Saturday, September 24, 2022

UN envoy to seek longer, expanded truce in Yemen’s civil war

UNITED NATIONS ( Associated Press) — The UN special envoy for Yemen said Monday that he plans to explore the possibility of a longer and expanded truce with the country’s warring parties in the coming weeks.

Hans Grundberg said an extension could be a good step towards a ceasefire in the country’s eight-year civil war. He did not provide details on the length or expansion he seeks before the August 2 expiration of the current two-month truce extension.

Grundberg told the UN Security Council that renewing the truce would provide time and opportunity to start serious discussions about Yemen’s economy and security and start addressing priority issues such as income and salary payments.

“I ask the parties to engage with me on these issues with a sense of urgency and flexibility,” he said.

The ceasefire between Yemen’s internationally recognized government and Iran-backed Houthi rebels initially went into effect on April 2 and was extended on June 2. six years of conflict in the most impoverished nation in the Arab world.

“To date, the truce has held for more than three months,” Grundberg said.

Civilian casualties are down by two-thirds, compared to the three months before the truce began, he said. And since the renewal of the truce on June 2, seven fuel ships carrying almost 200,000 metric tons of various fuel products have been authorized to enter Yemen’s main port, Hodeidah.

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Since the start of the truce, 15 round-trip commercial flights have transported nearly 7,000 passengers between the Yemeni capital Sanaa and the Jordanian capital Amman, Grundberg added. He said talks are underway with Egyptian authorities about scheduled flights to Cairo.

Under the truce, the parties pledged to meet to agree on the opening of roads, including lifting the Houthi ground blockade on Taiz, Yemen’s third-largest city. Grundberg said the Houthis rejected the latest UN proposal on a gradual opening but would continue their efforts to find a solution.

“An agreement on opening roads in Taiz and other governorates would be momentous and its benefits would reverberate throughout Yemen,” he said.

The UN envoy expressed concern about the “troubling escalation of rhetoric from parties questioning the benefits of the truce” in recent weeks.

He called this “a dangerous move”, urged the parties to stop such rhetoric and warned that the alternative to the truce “is a return to hostilities and probably an intensified phase of the conflict with all its predictable consequences for Yemeni civilians and the region security. .”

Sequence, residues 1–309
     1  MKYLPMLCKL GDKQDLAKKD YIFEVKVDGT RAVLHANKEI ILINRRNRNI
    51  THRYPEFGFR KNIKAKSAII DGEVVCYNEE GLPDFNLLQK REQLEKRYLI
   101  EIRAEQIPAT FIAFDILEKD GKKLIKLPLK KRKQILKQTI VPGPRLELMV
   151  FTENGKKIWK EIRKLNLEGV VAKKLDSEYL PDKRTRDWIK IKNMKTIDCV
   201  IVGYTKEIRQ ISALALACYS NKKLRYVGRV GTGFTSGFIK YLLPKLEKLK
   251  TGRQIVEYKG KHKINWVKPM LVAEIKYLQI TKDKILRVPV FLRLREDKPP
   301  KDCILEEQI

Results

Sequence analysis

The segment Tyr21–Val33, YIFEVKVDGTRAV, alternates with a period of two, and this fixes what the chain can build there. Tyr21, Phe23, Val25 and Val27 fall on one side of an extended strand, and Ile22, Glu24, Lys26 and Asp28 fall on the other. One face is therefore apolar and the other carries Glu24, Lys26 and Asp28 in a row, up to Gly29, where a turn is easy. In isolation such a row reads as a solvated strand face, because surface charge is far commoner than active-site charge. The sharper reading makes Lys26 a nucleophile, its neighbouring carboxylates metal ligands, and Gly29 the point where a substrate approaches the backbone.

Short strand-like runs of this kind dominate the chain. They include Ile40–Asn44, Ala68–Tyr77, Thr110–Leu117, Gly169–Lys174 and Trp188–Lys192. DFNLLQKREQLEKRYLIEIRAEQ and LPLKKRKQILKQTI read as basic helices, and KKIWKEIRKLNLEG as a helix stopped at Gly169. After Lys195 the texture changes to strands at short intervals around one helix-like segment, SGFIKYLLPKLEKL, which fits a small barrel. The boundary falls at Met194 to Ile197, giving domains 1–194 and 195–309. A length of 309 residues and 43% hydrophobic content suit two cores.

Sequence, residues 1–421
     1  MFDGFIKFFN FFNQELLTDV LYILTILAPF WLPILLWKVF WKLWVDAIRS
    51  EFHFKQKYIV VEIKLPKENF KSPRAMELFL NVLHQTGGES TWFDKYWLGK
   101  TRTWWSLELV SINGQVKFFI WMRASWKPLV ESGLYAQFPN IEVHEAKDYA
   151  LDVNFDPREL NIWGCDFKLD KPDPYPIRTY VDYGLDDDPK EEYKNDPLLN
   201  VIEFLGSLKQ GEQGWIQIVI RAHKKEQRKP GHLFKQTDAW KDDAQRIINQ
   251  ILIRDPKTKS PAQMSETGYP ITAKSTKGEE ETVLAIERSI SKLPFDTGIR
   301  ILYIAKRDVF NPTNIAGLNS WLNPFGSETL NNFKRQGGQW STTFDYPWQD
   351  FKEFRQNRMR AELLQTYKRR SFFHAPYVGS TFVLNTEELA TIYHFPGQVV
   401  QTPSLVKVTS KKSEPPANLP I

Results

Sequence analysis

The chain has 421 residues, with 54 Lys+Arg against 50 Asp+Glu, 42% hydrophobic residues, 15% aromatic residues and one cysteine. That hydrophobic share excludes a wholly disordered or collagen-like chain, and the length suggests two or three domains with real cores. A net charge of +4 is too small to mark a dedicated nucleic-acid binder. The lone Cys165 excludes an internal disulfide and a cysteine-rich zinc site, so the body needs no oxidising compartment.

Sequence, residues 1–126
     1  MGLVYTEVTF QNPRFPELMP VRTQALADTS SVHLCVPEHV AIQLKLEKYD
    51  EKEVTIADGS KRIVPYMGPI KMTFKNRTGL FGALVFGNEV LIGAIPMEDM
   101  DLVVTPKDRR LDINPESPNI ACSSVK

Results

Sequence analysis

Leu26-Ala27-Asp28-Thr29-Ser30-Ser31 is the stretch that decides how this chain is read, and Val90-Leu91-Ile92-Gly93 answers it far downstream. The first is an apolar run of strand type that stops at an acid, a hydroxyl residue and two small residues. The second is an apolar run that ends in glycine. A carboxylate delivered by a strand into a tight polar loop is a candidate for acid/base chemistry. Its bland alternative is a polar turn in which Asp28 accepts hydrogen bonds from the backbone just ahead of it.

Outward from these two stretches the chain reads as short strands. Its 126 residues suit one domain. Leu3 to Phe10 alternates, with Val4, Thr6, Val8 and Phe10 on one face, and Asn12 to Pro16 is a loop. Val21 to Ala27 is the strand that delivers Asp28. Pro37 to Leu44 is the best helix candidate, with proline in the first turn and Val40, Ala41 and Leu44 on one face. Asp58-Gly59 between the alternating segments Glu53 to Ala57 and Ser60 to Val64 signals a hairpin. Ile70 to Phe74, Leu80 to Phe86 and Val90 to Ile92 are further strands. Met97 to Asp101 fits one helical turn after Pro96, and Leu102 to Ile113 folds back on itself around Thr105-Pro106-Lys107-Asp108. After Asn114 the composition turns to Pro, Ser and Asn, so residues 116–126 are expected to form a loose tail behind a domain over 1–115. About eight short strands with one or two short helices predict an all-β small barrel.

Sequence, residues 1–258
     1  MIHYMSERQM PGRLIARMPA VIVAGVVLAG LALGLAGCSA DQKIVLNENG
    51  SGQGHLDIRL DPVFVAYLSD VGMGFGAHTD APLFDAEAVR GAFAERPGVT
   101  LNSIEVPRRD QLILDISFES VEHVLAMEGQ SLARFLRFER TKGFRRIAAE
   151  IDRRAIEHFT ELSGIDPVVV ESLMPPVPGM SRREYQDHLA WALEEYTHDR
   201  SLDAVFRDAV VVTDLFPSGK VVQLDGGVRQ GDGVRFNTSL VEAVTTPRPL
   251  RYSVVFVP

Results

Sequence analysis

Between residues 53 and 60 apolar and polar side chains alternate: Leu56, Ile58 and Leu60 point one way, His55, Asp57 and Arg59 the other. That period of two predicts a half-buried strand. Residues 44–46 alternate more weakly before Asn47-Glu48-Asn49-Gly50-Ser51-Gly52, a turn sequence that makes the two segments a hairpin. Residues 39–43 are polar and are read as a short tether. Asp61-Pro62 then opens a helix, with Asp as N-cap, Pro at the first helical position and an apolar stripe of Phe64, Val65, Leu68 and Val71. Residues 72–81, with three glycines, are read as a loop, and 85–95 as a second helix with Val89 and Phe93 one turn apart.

Grundberg said the UN continues to receive reports from both sides of alleged incidents including direct and indirect fire, drone strikes, reconnaissance overflights and new fortifications.

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“Allegedly, the parties are also sending reinforcements to the main front lines, including in Marib, Hodeida and Taiz,” he said.

Fighting in Yemen erupted in 2014, when the Houthis descended from their northern enclave and seized the capital, forcing the government into exile in Saudi Arabia. A Saudi-led coalition entered the war in early 2015 to try to restore the ruling government.

The conflict, which eventually escalated into a proxy war between Saudi Arabia and Iran, has killed more than 150,000 people, including more than 14,500 civilians, and created one of the world’s worst humanitarian crises, pushing millions of Yemenis into the brink of famine.

Joyce Msuya, assistant secretary-general for humanitarian affairs, told the council that the Yemeni rial continues to fall and “many more families are going hungry again.”

But she said the UN World Food Program was forced to cut rations for millions of people several weeks ago because the UN’s $4.27 billion appeal for humanitarian aid for Yemen this year has received little more. of $1.1 billion.

In addition, Msuya said, a UN verification and inspection system created in 2016 to facilitate vital commercial imports to Yemen is also running out of money and will close in September unless it gets $3.5 million to cover import operations. the last months of the year.

Nation World News Desk
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